If you are dreading the impending cold because of the effect it has on your skin, you are not alone: as many as 42% of Americans reportedly rank having dry skin as their least-favorite thing about winter. The dry indoor air that is typically associated with the colder months can wreak absolute havoc with our skin. The lack of moisture in the air can result in very dry and sensitive skin, especially around the eyes and mouth and on the elbows, knees, and heels. Although the
global skincare and beauty market is flooded with a myriad of reputable dry skin solutions that can address all these problems, there is another very effective and more natural solution readily available: houseplants.
Plants are natural humidifiers
One way to keep your skin well-hydrated during winter is to invest in a humidifier that will pump a decent amount of moisture back into the air. Although these devices can be of great benefit, so too can some houseplants that can emit as much as 97% of the water they take in as moisture vapor according to a study by the Agricultural College of Norway. A study into the benefits of house plants was also conducted by the Royal Horticultural Society (RHS) in partnership with Reading University in the UK. It found that house plants offer a cheap and effective solution to dry indoor air that can alleviate a number of physical and mental health concerns, including dry skin.
Not all plants were created equal
Indoor plants such as the rubber plant, Chinese Evergreen, and Boston Fern are all superb at sucking up water through their roots and releasing the moisture through the multitude of pores situated on the underside of their fronds and leaves in a process known as transpiration. One of the best natural humidifiers, however, is the Areca Palm that can churn out as much as 1 liter of water in a 24-hour period, ridding the air of toxins and leaving your skin feeling fresh and well-moisturized. Apart from hydrating the air, certain indoor plants such as Aloe Vera can be incorporated into your daily skin care routine to keep your skin moisturized and radiant looking.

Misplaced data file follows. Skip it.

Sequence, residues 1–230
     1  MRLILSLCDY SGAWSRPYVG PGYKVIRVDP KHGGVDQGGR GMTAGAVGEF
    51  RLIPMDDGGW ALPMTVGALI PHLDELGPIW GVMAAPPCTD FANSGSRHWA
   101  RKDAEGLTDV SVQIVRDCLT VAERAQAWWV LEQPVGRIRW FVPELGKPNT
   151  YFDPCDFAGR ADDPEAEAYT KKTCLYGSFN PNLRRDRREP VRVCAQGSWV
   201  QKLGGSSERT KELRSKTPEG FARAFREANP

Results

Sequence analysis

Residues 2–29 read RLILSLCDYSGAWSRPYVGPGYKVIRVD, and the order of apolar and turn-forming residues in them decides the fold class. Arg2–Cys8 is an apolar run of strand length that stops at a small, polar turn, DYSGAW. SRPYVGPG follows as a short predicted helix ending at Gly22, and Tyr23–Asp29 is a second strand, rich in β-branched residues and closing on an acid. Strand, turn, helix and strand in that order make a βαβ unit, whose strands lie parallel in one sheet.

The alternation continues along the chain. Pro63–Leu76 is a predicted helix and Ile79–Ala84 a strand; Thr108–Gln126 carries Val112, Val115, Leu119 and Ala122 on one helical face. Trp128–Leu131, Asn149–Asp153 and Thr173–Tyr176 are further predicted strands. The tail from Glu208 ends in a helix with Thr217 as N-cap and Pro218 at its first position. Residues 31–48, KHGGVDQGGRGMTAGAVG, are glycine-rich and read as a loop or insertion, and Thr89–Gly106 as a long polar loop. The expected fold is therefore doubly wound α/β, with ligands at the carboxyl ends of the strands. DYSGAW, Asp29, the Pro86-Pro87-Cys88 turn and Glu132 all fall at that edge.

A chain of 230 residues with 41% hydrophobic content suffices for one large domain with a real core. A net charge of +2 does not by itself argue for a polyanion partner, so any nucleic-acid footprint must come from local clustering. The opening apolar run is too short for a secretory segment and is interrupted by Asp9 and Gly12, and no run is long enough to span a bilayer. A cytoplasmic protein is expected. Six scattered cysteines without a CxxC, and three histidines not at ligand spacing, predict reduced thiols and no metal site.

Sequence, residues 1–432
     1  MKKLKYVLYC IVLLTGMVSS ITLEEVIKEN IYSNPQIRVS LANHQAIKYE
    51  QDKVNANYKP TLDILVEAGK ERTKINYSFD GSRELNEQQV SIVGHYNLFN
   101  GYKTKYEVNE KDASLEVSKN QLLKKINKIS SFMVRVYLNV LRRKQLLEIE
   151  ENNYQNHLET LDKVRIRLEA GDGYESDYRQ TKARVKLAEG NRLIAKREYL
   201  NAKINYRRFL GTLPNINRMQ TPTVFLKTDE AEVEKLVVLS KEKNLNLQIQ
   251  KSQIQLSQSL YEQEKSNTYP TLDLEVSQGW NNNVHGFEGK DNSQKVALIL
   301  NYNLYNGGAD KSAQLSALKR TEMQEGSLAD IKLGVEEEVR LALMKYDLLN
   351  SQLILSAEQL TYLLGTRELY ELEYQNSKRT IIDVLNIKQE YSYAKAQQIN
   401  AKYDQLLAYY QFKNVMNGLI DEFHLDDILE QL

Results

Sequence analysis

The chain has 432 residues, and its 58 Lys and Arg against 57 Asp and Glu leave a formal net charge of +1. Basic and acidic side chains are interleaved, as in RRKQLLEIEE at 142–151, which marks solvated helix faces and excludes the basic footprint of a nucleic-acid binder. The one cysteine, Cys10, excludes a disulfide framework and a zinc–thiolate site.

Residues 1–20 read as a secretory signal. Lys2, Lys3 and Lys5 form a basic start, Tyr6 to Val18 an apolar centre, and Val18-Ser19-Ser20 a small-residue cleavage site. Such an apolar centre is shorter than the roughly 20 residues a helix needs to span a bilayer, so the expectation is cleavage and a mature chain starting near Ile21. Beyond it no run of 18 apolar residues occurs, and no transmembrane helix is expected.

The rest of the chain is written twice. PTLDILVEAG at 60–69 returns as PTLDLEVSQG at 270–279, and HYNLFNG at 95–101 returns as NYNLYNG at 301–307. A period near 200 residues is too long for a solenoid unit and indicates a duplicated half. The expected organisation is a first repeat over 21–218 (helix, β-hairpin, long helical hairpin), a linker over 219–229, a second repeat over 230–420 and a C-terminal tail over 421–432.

Incorporate Aloe Vera into your daily beauty routine
Aloe Vera is one of the most versatile natural ingredients for you to incorporate into your beauty routine. Luckily it is also very easy to care for and you can successfully care for a potted house plant without any difficulty. It boasts superb nourishing and anti-aging properties thanks to its high Vitamin C, E, and beta-carotene content which is ideal for your dehydrated winter skin. Where a lot of hydrating products leave the skin feeling greasy, Aloe Vera hydrates and nourishes without leaving an oily residue behind, making it ideal even for women with combination skin. It is for all of these reasons that Aloe Vera is often used in products by renowned manufacturers such as Monastery and Green Leaf Naturals.
How to harvest your Aloe Vera gel
Harvesting your Aloe Vera gel is surprisingly easy. You simply have to grab a leaf or two from your plant, grab a sharp knife and cut it open along its length. Gently squeeze the leaf and allow the gel to drip into a clean bowl, ready for use.
Using your Aloe Vera Gel
There are a number of ways to use your freshly-harvested gel. You can make a hydrating mask by blending together a few slices of cucumber, a couple of drops of lemon juice and about a teaspoon of gel, lathering it onto your face and leaving it for about twenty minutes before rinsing it off with lukewarm water. If your skin is extremely dry simply add a few drops of pure olive oil to your gel, mix it well, and apply to your skin. Leave it on for a couple of hours (or overnight if possible) before washing off and applying your favorite moisturizing cream.
By carefully selecting the plants you bring into your home you can ensure that you not only rid your living spaces of dry air but that you also have one of the most potent skin care ingredients at your disposal at all times. Make the effort to take special care of your skin this winter and enjoy all the benefits some indoor-greenery can bestow upon your well-being.